“I listened to it again on my drive home to see if a change in acoustics and scenery would change my initial reaction…”

Ariana Grande at the 2020 Grammys
photo: Cosmopolitan UK, CC BY 3.0 https://creativecommons.org/licenses/by/3.0, via Wikimedia Commons

Review by Tiana Kirk

Ariana Grande shocked her fans (207 million on Instagram, 79.1 million on Twitter) with a social media post on October 14 saying: “[I] can’t wait to give [you] my album this month”. This surprise album release would be her third in just two years! I’ve spent approximately 150 hours in those two years listening to sweetener and thank u, next with few complaints, so my curiosity was piqued, I had high hopes for another album filled with bops.

Once she announced the album and first single title, Positions, Grande’s sixth studio album usurped the first google search result from a Women’s Health Mag article on the 46 Best Sex Positions – though there is quite a bit of content overlap between the two. Grande has never shied away from expressing her sexuality through her music, so this was not a risky or out-of-character move – but a very risqué one.

The album was released on Friday, October 30, one week after the title single. Featuring Doja Cat, The Weeknd, and Ty Dolla $ign, bops were sure to be imminent.

My coworker, Justin, and I were excited to listen and put it on in the background while we worked. We were baffled at what we heard. With only one producer carried over from her last two albums (Tommy Brown), the sound was different than I had been anticipating – leaning more heavily into a soulful and contemporary R&B vibe.

I listened to it again on my drive home to see if a change in acoustics and scenery would change my initial reaction (it did not).

I listened to it a third time while writing this review and will not likely be giving the full album another go for quite some time, if at all.

There were a few redeeming moments throughout – My Hair, Obvious, and POV, but the rest of the album failed to reach bop status. The majority of Grande’s most self-contemplative album to date, unfortunately, comes across more as crass musings from a middle schooler’s diary about her crush than any semblance of an adult relationship – though it is about her current partner, Dalton Gomez, a Los Angeles real estate agent. Sonically, the album did what it set out to do well, but what it set to do out wasn’t anything worth writing home about. It is worth writing about here though.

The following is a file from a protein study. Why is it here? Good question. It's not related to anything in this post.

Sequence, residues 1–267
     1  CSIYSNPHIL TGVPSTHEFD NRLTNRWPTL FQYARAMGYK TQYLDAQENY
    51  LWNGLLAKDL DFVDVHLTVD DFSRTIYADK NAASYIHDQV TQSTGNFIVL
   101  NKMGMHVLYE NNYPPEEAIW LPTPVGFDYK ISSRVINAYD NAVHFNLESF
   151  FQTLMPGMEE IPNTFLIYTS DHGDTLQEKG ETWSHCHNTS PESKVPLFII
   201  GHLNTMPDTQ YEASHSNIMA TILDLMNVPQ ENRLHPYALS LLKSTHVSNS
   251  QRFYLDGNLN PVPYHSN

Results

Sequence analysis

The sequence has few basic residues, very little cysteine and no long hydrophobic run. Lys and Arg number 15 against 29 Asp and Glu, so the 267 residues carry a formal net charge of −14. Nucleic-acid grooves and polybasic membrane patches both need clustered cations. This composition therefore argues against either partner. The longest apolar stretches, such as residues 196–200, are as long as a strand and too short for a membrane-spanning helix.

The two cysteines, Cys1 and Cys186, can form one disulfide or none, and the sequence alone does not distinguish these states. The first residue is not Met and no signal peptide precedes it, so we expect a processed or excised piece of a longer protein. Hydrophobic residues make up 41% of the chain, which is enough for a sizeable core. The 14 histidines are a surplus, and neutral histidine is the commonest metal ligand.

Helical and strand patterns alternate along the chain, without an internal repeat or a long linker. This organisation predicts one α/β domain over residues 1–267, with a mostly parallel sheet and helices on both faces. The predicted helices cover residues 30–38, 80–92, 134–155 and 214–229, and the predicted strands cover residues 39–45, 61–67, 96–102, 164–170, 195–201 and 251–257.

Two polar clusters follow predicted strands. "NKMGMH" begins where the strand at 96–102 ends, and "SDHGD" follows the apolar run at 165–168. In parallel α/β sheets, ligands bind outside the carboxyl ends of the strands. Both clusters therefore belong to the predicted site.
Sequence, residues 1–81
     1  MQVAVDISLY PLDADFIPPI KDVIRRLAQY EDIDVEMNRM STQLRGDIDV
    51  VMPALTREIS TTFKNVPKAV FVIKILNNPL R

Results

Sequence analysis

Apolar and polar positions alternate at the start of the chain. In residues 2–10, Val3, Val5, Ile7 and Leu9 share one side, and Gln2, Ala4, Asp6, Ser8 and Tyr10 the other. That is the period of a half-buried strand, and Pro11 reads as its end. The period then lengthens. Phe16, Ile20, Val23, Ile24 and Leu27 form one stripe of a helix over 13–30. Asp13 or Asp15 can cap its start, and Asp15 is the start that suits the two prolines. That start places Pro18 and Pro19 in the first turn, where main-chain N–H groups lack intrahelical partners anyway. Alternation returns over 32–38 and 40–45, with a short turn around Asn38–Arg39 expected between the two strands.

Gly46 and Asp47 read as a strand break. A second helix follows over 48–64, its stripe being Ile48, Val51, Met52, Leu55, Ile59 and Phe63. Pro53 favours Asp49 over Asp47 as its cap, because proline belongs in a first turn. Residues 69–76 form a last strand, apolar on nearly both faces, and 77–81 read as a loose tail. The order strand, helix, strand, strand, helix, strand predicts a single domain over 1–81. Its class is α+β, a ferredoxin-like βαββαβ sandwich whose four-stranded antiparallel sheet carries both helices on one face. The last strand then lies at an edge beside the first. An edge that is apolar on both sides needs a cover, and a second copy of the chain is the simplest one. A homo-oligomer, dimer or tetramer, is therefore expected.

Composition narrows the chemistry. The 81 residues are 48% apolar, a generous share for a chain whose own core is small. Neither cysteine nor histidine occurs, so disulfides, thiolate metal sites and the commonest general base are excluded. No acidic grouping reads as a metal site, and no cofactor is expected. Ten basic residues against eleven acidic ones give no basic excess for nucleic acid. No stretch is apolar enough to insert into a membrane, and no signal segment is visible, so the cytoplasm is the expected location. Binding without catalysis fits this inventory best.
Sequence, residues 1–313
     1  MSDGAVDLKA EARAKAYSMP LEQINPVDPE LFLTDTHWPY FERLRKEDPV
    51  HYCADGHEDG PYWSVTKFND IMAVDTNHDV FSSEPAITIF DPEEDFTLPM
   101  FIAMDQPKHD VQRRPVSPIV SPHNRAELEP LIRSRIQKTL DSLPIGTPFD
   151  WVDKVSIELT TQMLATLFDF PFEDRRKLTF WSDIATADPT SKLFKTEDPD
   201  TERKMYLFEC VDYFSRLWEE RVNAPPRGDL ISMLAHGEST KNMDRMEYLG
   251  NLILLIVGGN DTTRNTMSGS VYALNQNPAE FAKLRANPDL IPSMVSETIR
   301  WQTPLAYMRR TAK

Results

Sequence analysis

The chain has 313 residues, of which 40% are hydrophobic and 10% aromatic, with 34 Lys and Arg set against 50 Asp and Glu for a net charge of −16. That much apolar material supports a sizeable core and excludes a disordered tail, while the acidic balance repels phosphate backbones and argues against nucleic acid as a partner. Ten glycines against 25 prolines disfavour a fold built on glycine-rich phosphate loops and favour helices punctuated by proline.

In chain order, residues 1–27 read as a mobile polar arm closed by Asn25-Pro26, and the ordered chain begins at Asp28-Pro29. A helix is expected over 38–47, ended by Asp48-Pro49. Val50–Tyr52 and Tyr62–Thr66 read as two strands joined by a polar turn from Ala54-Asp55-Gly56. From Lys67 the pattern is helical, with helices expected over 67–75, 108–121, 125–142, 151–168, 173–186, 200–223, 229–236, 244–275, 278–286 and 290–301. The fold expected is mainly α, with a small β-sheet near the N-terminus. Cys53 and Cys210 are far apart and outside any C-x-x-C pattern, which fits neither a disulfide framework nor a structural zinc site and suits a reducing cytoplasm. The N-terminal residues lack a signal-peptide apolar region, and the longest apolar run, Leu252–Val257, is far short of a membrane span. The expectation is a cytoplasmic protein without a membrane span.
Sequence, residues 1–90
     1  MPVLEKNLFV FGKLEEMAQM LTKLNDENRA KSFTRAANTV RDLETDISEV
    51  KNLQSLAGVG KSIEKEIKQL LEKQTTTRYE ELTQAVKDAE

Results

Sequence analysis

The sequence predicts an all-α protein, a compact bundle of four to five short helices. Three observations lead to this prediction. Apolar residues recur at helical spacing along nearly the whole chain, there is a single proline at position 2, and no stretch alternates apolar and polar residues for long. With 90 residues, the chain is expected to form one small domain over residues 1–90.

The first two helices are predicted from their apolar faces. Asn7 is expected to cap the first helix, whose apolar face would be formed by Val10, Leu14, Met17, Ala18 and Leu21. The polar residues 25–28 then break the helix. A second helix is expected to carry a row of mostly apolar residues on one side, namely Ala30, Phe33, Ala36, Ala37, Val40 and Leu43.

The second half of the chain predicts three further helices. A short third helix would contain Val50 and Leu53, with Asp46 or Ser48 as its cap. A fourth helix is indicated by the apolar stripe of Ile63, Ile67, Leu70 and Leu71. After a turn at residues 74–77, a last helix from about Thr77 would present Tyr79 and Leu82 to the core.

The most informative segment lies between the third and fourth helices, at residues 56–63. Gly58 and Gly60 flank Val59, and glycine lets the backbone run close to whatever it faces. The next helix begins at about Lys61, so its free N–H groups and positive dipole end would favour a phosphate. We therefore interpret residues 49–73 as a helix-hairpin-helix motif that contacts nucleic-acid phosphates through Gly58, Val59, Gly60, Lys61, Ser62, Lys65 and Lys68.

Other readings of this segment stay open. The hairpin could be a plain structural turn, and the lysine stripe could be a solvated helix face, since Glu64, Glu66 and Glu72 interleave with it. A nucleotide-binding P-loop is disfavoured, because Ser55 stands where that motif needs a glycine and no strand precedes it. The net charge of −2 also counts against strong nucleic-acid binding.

Shut Up (2:37)

The opening track begins with soft, climactic vibrato strings and cuts into a plucky, staccato combination once vocals come in. The lyrics are mostly understandable, though more of a spoken diction than sung, but you’d definitely want the lyrics in front of you if you want to catch the verses. The chorus is cheeky and pointed at people who spend more time and energy on spewing negativity about people they don’t know than focusing on their own life. “How you be spending your time, huh? How you be using your tongue, huh? You be so worried ‘bout mine, can’t even get yourself none. You know you sound so dumb.” (Possibly pointed at me reviewing this album…) The rest of the song is orchestral and grand, ending with an odd combination of string notes that sounds like The Sound of Music meets Mario64 fading into the off-putting THX drone movie goers are familiar with.

34+35 (2:53)

The orchestral vibes continue in this playfully flirty and overtly sexual track. Beginning with a laugh, more plucky strings accompany Grande’s sweet nasal-y voice throughout. This one has some snare drums added giving it some depth – sonically, not lyrically. She keeps with her habit heard in past albums of adding layers upon layers of various harmonies and echoes/call-backs of lyrics. I didn’t love the lyrics, personally: some were awkwardly rushed to fit with the beat, e.g. “saving up my energy” in a line that should have only had six syllables to fit with the rest of the pre-chorus.  Some of the innuendos were rather tactless (this is coming from an extremely sex-positive reviewer here), in what feels like a poorly executed attempt to express intimate feelings that maybe should have just been kept for her boyfriend’s ears. E.g. “Even though I’m wifey you can hit it like a side chick, don’t need no side dick.”